STUDY: Small text and screens on mobile devices cause eye strain

A new study found that small screens and small print on mobile devices can cause eye strain and optometrists may have to prescribe specially to fix these issues. With over three quarters of America plugged into the Internet and 90% of computer users experiencing eye strain, mobile devices brings a whole new wave of possible problems.

"We spend a lot of time on computers. We're computerized all day long sometimes go home with a little bit of eye strain," admitted Dr. Jeffrey Hankin, optometrist at The Eye Clinic.

A study featured in the July issue of Optometrist and Vision Science recommends eye doctors adapt to the changing technology by adjusting prescriptions to accommodate small text and shorter reading distances.

"Especially low far-sighted people those are the people that typically don't wear glasses for distance until they hit their forties. Those people will get some eye strain as they use their eyes more and more on a smart phone especially very close," explained Dr. Hankin.

He said many people are pulling their mobile devices four inches closer than normal reading distance and it could cause strain after prolonged use.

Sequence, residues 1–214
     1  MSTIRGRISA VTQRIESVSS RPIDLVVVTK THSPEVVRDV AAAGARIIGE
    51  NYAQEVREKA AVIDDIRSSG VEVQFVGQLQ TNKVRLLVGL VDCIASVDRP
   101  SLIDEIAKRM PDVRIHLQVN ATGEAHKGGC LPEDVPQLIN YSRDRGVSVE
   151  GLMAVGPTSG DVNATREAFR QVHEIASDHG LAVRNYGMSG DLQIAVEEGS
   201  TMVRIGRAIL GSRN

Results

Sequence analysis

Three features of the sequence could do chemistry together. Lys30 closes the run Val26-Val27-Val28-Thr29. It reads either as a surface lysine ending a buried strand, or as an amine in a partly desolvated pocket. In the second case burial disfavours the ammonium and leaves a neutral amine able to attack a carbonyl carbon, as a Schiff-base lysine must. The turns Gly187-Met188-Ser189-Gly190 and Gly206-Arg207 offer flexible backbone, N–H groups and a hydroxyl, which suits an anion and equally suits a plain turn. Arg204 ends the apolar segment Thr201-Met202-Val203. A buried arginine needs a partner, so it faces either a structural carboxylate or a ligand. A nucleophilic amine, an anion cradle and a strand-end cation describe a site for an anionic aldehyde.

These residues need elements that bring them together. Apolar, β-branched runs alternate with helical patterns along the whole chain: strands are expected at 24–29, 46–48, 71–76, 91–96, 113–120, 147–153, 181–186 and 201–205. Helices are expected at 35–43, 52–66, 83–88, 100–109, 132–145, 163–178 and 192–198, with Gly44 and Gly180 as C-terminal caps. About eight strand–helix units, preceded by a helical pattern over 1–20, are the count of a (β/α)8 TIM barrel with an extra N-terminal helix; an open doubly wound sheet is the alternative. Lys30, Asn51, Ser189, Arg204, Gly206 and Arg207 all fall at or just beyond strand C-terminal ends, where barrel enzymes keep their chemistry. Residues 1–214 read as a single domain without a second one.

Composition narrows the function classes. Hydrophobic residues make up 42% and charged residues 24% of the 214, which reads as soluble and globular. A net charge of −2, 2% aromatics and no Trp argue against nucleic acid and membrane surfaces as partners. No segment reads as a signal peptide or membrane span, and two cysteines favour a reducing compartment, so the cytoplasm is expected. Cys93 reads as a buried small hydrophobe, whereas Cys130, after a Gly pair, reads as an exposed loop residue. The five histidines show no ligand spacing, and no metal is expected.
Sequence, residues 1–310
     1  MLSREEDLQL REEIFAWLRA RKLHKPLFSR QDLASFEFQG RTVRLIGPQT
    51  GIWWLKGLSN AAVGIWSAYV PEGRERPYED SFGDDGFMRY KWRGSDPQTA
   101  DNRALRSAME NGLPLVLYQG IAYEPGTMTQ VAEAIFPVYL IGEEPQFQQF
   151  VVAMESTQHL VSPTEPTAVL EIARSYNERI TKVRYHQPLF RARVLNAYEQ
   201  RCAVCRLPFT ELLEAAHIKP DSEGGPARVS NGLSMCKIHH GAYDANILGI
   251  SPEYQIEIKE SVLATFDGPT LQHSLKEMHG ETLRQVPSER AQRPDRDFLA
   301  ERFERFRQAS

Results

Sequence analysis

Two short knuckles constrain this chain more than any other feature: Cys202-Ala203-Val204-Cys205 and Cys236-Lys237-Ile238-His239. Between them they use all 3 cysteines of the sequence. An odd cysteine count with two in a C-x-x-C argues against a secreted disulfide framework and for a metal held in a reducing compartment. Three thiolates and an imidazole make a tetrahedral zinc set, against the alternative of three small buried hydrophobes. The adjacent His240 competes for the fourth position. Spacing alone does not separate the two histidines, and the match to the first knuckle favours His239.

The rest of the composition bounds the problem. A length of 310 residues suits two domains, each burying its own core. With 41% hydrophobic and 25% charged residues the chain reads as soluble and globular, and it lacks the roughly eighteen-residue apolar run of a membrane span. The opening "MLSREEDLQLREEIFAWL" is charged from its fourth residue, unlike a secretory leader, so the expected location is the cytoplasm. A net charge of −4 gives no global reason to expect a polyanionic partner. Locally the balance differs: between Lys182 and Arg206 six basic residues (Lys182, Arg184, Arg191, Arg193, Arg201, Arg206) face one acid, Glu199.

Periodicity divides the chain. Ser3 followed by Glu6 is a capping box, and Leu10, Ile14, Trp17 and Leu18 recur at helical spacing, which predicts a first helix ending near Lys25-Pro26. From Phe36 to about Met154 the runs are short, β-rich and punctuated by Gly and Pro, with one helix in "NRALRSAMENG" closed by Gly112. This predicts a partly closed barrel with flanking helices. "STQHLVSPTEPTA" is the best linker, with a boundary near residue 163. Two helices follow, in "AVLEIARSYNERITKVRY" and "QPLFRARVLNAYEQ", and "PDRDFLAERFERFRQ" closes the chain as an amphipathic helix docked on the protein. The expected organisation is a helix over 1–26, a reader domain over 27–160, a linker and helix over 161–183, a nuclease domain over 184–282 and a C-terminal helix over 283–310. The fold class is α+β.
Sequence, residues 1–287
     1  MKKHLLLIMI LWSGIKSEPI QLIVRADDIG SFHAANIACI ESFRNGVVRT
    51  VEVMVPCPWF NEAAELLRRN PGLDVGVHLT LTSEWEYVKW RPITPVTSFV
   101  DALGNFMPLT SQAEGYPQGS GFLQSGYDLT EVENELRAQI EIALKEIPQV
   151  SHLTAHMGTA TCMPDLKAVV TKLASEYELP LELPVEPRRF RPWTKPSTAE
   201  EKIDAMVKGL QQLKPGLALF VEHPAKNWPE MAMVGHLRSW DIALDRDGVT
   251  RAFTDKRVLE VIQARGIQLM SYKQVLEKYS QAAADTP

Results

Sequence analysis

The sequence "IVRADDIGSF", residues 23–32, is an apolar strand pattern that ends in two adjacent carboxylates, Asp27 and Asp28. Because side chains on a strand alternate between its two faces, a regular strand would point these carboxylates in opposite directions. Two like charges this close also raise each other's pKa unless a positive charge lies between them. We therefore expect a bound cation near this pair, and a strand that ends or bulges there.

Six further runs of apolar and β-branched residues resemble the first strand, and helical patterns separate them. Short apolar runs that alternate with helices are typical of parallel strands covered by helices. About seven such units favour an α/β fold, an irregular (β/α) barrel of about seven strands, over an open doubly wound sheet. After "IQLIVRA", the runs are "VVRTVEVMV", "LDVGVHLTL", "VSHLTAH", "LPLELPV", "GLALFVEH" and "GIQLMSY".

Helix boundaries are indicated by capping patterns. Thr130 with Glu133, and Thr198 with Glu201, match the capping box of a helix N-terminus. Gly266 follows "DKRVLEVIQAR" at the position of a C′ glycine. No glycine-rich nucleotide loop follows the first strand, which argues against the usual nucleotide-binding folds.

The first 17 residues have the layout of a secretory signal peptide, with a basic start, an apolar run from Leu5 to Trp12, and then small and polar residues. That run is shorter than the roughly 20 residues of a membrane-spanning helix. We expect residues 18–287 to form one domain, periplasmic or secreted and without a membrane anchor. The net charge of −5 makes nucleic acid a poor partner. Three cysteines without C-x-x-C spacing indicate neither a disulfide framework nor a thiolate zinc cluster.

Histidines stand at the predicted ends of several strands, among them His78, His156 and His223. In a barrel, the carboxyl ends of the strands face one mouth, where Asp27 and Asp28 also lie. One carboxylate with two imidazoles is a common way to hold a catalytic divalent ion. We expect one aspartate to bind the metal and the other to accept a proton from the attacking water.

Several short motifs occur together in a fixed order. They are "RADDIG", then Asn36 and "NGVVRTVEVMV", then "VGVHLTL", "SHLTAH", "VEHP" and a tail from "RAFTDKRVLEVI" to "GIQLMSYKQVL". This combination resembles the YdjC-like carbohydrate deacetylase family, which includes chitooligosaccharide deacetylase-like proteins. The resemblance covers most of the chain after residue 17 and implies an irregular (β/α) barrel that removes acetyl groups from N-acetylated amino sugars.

"It's almost a headache across the front of your eyes. They just feel tired maybe a little trouble focusing. Sometimes your blink rate will slow down and you'll get that dry eye kind of feeling. If you're really having a bad day you can get that thin cry watery tear," said Dr. Hankin.

He explained we are born with perfect focus that deteriorates as we age, but young people today may not be off the hook.

"They spend a lot of time studying and computers are part of every classroom everything's visual these days testing computers television so even people in their teens and twenties can get eye strain," said Dr. Hankin.

He recommends increasing the font size on devices and computer screens and holding mobile devices at least 16 inches away to help your eyes focus.

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